Types of Pain

Pain is a general term that describes any kind of unpleasant or uncomfortable sensation in the body.

There are many different types and causes of pain, and these can be grouped into eight different categories to help with pain management:

Acute pain

Chronic pain

Breakthrough pain

Bone pain

Nerve pain

Phantom pain

Soft tissue pain

Referred pain.

Acute pain

This starts suddenly and only lasts for a short period (ie, minutes, hours, a couple of days, occasionally a month or two).

It is usually caused by a specific event or injury, such as:

A broken bone

A car crash or other type of accident

A fall

Burns or cuts

Dental work

Labor and childbirth

Surgery.

Chronic Pain

Chronic pain is pain that has persisted for longer than six months and is experienced most days. It may have originally started as acute pain, but the pain has continued long after the original injury or event has healed or resolved. Chronic pain can range from mild to severe and is associated with conditions such as:

Arthritis

Back pain

Cancer

Circulation problems

Diabetes

Fibromyalgia

Headache.

Chronic pain can severely affect a person’s quality of life and prevent them from returning to work or participating in physical activity. In some people, it may lead to depression or social isolation.

Breakthrough Pain

Breakthrough pain is a sudden, short, sharp increase in pain that occurs in people who are already taking medications to relieve chronic pain caused by conditions such as arthritis, cancer, or fibromyalgia.

Breakthrough pain may also be called a pain flare and it may occur with exercise or physical activity, coughing, illness, stress, or during the period between pain medication doses. The pain level is often severe, but the location of the pain is usually the same as the person’s chronic pain.

Bone Pain

This is a tenderness, aching or discomfort in one or more bones that is present during both exercise and rest.

Bone pain is commonly associated with conditions or diseases that affect the structure or function of bone, such as cancer, a fracture (broken bone), infection, leukemia, mineral deficiency, sickle cell anemia, or osteoporosis. Many pregnant women experience pelvic girdle pain.

Nerve Pain

Nerve pain is caused by nerve damage or inflammation. It is usually described as a sharp, shooting, burning or stabbing pain and may also be called neuralgia or neuropathic pain. Some people describe it as being like an electric shock and it is often worse at night.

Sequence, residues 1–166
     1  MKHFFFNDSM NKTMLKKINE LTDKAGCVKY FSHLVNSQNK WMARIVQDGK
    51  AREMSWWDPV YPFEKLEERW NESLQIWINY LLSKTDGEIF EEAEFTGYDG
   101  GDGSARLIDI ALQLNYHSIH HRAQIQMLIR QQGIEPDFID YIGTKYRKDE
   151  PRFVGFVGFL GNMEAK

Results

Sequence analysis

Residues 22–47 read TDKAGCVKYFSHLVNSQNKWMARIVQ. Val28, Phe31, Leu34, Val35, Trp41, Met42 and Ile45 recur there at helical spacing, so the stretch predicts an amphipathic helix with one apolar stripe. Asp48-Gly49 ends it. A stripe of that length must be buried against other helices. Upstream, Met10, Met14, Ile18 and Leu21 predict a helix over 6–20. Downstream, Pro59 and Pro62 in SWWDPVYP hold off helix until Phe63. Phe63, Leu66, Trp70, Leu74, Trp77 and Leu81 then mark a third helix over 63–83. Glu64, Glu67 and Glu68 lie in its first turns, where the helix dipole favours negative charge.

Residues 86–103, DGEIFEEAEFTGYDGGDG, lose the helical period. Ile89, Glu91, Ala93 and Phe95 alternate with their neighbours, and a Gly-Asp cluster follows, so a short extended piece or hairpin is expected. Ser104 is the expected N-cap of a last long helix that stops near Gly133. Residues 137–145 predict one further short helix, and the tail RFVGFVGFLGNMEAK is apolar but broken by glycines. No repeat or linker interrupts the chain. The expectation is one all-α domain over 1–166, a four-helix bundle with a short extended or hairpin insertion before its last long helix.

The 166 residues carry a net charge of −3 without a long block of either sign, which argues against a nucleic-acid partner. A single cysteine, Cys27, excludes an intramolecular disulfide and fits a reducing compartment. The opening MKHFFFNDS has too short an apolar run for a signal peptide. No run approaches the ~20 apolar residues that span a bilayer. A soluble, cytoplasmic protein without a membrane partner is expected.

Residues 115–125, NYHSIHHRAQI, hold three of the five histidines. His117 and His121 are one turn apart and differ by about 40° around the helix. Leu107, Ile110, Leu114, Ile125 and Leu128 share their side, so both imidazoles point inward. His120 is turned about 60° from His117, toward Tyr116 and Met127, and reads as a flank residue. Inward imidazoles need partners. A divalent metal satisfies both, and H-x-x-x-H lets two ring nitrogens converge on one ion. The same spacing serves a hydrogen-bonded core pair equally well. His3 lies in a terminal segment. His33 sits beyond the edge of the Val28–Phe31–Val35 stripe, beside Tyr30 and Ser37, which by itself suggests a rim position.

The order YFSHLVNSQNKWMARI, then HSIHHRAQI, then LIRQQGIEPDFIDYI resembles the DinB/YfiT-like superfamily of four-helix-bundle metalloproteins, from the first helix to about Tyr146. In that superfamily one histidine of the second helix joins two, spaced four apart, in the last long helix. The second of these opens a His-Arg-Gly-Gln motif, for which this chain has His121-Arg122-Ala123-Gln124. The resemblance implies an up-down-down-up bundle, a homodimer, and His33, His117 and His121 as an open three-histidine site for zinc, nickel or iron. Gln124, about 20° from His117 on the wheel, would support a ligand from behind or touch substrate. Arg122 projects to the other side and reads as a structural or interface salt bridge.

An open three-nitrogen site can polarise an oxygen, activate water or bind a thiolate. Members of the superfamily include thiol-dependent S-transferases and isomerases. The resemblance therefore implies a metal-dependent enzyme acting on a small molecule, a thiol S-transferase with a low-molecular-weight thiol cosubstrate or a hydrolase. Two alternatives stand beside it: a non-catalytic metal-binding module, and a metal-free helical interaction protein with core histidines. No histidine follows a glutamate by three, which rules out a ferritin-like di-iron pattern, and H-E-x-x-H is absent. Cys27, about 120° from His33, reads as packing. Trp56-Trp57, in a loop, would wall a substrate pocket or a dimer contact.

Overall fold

Nerve pain can severely interfere with a person’s life and affect their sleep, work, and physical activity levels. They are often very sensitive to cold and may experience pain with even the slightest touch. Many people with chronic nerve pain also develop anxiety or depression.

People with neuropathic pain are often very sensitive to touch or cold and can experience pain as a result of stimuli that would not normally be painful, such as brushing the skin.

Common causes of nerve pain include:

Alcoholism

An injury to the brain, a nerve, or the spinal cord

Cancer

Circulation problems

Diabetes

Herpes zoster (shingles)

Limb amputation

Multiple sclerosis

Stroke

Vitamin B12 deficiency.

Phantom Pain

Phantom pain is pain that feels like it is coming from a body part that is no longer there. It is common in people who have had a limb amputated, but is different from phantom limb sensation, which is usually painless.

Historically, Doctors believed phantom pain was a psychological problem but they now realize these are real pain sensations that originate in the spinal cord and brain. It often gets better with time, but managing phantom pain can be challenging in some people.

Soft Tissue Pain

This is pain or discomfort that results from damage or inflammation of the muscles, tissues, or ligaments. It may be associated with swelling or bruising and common causes include:

Back or neck pain

Bursitis

Fibromyalgia

Rotator cuff injury

Sciatic pain

Sports injuries, such as sprains or strains

Temporomandibular joint (TMJ) syndrome.

Referred pain

This is pain that feels like it is coming from one particular location, but is the result of an injury or inflammation in another structure or organ. For example, during a heart attack, pain is often felt in the neck, left shoulder, and down the right arm. An injury or inflammation of the pancreas is often felt as constant pain in the upper stomach area that radiates to the back. A ruptured spleen can cause pain in the shoulder blade.

Referred pain happens because there is a network of interconnecting sensory nerves, that supply many different tissues. An injury in one area of the network can be mistakenly interpreted by the brain as being in a different part of the network.

Treatment

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